That alternation between two frictions gives the type of sound a violin.
Too little pressure (compare to bow speed)
When the violinist doesn’t play with enough pressure (or contact) on the string, the Helmholtz motion is double (two V corners), double the slipping time corresponding to less striking time. And, to the naked eye, the string doesn’t move in a parabola-like shape anymore.
That kind of sound is called “surface sound”, or “on top of the string”, as my old teacher used to call it, as opposed to “into the string”. It is a kind of sound that is thin, light, airy, and not loud. It can be used on an exceptional basis for a wanted effect if desired but is not acceptable in classical violin playing, even in piano and pianissimo passages. The reason is the lack of depth to the sound, the lack of edge and brightness due to the absence of natural harmonics. That kind of sound doesn’t project well at all in a room with an ensemble, let alone in a concert hall.
Too much bow pressure
If, on the contrary, too much downforce is applied with the bow, then the violin squeaks, and the string doesn’t vibrate at all or in a chaotic pattern. That is what happens when a beginner doesn’t feel confident enough to strike the bow quickly enough.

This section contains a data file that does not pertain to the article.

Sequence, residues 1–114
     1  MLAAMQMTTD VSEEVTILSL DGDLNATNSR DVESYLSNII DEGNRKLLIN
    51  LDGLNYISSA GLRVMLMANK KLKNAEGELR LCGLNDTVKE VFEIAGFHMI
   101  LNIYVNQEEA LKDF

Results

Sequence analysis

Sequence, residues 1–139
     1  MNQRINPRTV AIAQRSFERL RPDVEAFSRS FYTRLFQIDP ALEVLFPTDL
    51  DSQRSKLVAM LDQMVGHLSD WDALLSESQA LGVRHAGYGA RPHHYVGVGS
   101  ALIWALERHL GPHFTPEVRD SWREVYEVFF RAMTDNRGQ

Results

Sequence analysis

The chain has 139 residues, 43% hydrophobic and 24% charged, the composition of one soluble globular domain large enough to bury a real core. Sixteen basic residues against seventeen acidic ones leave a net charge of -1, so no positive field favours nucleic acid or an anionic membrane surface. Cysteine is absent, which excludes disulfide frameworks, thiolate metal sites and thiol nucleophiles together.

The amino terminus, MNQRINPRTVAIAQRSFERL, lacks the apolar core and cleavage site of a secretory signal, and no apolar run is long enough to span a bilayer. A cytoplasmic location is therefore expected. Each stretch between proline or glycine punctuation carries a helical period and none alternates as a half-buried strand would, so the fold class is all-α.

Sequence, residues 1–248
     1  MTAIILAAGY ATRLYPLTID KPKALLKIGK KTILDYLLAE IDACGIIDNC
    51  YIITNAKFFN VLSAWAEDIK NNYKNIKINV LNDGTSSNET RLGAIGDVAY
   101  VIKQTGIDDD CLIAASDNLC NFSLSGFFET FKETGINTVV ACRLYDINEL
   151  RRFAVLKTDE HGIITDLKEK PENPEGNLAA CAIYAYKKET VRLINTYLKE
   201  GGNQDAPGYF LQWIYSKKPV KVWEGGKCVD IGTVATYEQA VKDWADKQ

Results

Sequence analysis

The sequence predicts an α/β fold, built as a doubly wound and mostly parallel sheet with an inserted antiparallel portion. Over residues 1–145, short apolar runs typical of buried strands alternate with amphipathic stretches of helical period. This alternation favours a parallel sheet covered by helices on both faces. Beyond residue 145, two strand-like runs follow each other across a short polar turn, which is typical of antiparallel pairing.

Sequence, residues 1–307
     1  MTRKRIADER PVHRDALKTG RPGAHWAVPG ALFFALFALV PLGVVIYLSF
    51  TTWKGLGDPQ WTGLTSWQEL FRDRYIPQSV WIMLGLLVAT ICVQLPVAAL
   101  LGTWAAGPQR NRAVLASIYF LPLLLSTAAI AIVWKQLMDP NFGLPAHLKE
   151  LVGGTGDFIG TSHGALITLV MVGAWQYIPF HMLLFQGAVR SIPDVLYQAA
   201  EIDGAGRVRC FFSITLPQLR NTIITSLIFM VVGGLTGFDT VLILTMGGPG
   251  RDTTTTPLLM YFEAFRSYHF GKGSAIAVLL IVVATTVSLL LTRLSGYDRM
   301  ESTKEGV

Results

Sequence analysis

Now add the point of contact as a third parameter to the first two (pressure and bow speed). If you play slowly (less speed), your point of contact needs to be closer to the bridge. If you play fast (with a lot of bow speed), your point of contact needs to be closer to the fingerboard. Then, due to the size of the stopped string, if you play low in the string, you have to place your bow close to the fingerboard, whereas if you play up in the high positions, you need to place your bow close to the bridge.